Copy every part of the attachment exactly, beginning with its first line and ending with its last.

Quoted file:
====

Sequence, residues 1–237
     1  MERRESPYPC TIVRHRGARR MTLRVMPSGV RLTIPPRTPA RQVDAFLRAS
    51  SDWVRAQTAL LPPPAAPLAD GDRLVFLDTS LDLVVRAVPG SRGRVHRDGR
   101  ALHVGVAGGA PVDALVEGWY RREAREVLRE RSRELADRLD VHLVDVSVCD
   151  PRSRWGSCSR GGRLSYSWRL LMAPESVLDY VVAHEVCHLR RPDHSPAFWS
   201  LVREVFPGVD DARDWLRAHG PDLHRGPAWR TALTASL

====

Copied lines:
Sequence, residues 1–237
     1  MERRESPYPC TIVRHRGARR MTLRVMPSGV RLTIPPRTPA RQVDAFLRAS
    51  SDWVRAQTAL LPPPAAPLAD GDRLVFLDTS LDLVVRAVPG SRGRVHRDGR
   101  ALHVGVAGGA PVDALVEGWY RREAREVLRE RSRELADRLD VHLVDVSVCD
   151  PRSRWGSCSR GGRLSYSWRL LMAPESVLDY VVAHEVCHLR RPDHSPAFWS
   201  LVREVFPGVD DARDWLRAHG PDLHRGPAWR TALTASL